Didi overhauls car-pooling service to strengthen safety, following passenger death
China’s largest ride-hailing service provider plans to put its new safety protocols in place by the end of this month
Didi Chuxing, the largest ride-hailing service provider in China, is looking to overhaul its car-pooling programme Hitch in response to the tragic death last week of a female passenger in Zhengzhou, capital of Henan province.
“We are committed to fully taking our due legal responsibilities related to traffic accident, public security, criminal cases and disputes on our platform,” Didi said in a statement released on Wednesday. It said new safety protocols will be put in place by the end of this month.
The Beijing-based technology start-up will make facial-recognition scanning mandatory for all drivers on its platform before they take any orders. This safety measure was designed to prevent unauthorised persons from stealing the identity of Didi-registered drivers.
Last week, a man in Zhengzhou was able to log into the account of his father because Didi’s night mode facial recognition system failed to engage, according to the company’s statement on Monday.
The 26-year-old man allegedly went on to rape and kill his passenger, a 21-year-old flight attendant who booked a ride on the Hitch service, before being found dead himself by police in a river on Saturday, according to a report from the official Xinhua News Agency.
Didi said on Wednesday that its Hitch car-pooling service, which had been suspended for a week, will not be offered after 10 in the evening when its operation resumes. For unfinished Hitch trips between 10pm and 6am, both passengers and car owners will receive special safety reminders before they set out, the company said.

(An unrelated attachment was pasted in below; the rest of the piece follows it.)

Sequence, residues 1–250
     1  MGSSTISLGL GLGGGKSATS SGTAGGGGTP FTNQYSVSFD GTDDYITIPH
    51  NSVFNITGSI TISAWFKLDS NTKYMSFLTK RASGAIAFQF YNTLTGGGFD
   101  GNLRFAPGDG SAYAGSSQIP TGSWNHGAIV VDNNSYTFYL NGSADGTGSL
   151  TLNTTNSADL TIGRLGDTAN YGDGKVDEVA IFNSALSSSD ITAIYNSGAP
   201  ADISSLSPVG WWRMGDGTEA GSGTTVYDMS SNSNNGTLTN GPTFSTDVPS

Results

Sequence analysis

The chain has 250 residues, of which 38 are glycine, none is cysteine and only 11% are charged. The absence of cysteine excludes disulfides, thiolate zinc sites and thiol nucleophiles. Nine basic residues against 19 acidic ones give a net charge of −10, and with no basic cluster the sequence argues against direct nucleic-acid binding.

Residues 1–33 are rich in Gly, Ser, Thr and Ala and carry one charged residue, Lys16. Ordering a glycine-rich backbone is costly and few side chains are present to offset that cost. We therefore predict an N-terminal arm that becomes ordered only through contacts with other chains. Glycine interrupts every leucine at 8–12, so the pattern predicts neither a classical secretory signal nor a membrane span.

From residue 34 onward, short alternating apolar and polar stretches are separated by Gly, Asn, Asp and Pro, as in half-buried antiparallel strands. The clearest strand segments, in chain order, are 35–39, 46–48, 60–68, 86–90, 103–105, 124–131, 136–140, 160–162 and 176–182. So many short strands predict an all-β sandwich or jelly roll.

It will also take down all personalised tags and profile features, following a public outcry against inappropriate comments on female passengers shared among Hitch drivers.
The ride-hailing app operator said it was also considering to introduce an option to provide voice recording of every single ride in the future. This new feature, which will give users the choice to activate it, was a means to “obtain evidence in case of disputes”, the company said.
It also aimed to redesign its app interface by providing an emergency help button in a prominent position. This will enable real-time monitoring of on-trip conversations with customer service staff and automatically sharing trip information to users’ emergency contacts.
The case of the unregistered Didi driver suspected of killing a female passenger has drawn national attention about the safety of car-pooling services like Hitch, which is aimed at pairing up commuters heading in the same direction, as well as wider concerns about the ride-hailing industry.
The company said its investigation of the Henan case was ongoing to see if procedures were followed correctly, as its customer service team had tried to contact the suspect five times on a previous verbal complaint of sexual harassment.
Didi had faced similar incidents in the past. Two years ago, mainland media reported a 24-year-old man who fraudulently signed up as a Didi driver had confessed to killing a young woman passenger and dumping her body in a remote part of Shenzhen. Didi pledged at the time to tighten up driver regulations.
Safety concerns about Didi’s service may hurt the company, as new entrants in the ride-hailing market have emerged in the past year. These include Tencent Holdings-backed Meituan Dianping, online travel services provider Ctrip and Caocao Car, a unit of Chinese automotive giant Geely.
Didi accounted for more than 90 per cent of ride-hailing orders in China, but about 40 per cent were booked directly from its app, according to a recent survey by consultancy Bain & Company.
China has become the world’s largest mobility market after a fourfold growth over the past three years, according to the Bain survey. It found 62 per cent of respondents in mainland China hail rides online, compared to 29 per cent in Germany and 23 per cent in the US.